William Grant Still’s “Troubled Island” is a historic opera.
The work, which includes a libretto by Langston Hughes and Verna Arvey, had its world premiere on March 31, 1949, at the New York City Opera making it the first opera composed by a Black composer to be produced by a major opera company in the United States.
While the opera was greeted with 22 curtain calls at its premiere performance, it received mixed reviews. It was subsequently lost from the repertory with very few performances since.
The work requires eight vocal soloists, chorus, ballet, and full orchestra.
The opera is set in Haiti in 1791 and centers on a group of slaves preparing a rebellion against their White tormentors. The slaves are led by Dessalines, who laments, alongside his wife Azelia, the challenges of being in love in his state of bondage. His friend Martel laments the fate of the Black man as a slave.
A voodoo priest and priestess tell the slaves that it is time to strike for freedom. Dessalines rips off his shirt, bares his scars from the whips of the white men, and makes a stand for freedom.
In the second act, Dessalines is now Emperor. He dictates letters to Vuval, who opposes his regime and laughs at him for wanting schools and other nonsense. Dessalines drives Vuval away.
Dessalines comments on the heavy burden he carries to Martel and his desire to have just land where black people can be separate from white people. Martel, however, tells him that Haiti must be a land of equality for all people. Meanwhile, Dessalines’ new Empress Claire plots with Vuval to overthrow Dessalines.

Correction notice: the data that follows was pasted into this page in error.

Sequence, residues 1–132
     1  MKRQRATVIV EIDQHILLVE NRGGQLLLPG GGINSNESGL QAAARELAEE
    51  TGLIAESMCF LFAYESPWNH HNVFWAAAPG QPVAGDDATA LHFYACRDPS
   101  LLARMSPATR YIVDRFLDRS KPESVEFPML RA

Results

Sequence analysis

Azelia goes looking for Dessalines to warn him of a coming counter-revolution. But she turned away twice. In the midst of this, Dessalines and his court attend a feast that ultimately ends with the realization that there is a revolt taking place led by the mulattos. Dessalines runs off to defend his empire against the rebels.
In Act three, now a crazed old woman enters a market and gets laughed at by the others around her. Stenio and Vuval enter prepared to set a trap for Dessalines, who is looking for his traitorous generals. When he arrives, Stenio orders the troops to seize him. But no one obliges. Instead, Dessalines and Stenio engage in a duel. Just as Dessalines strikes Stenio’s sword away from him, Vuval shoots Dessalines in the back.
His corpse is left in the town square where a few Ragamuffins start to strip him of his gear. Azelia stops them and as the opera draws to a close, she holds him in her arms, kissing the scars on his back.
Watch and Listen
Here is a recording of the work.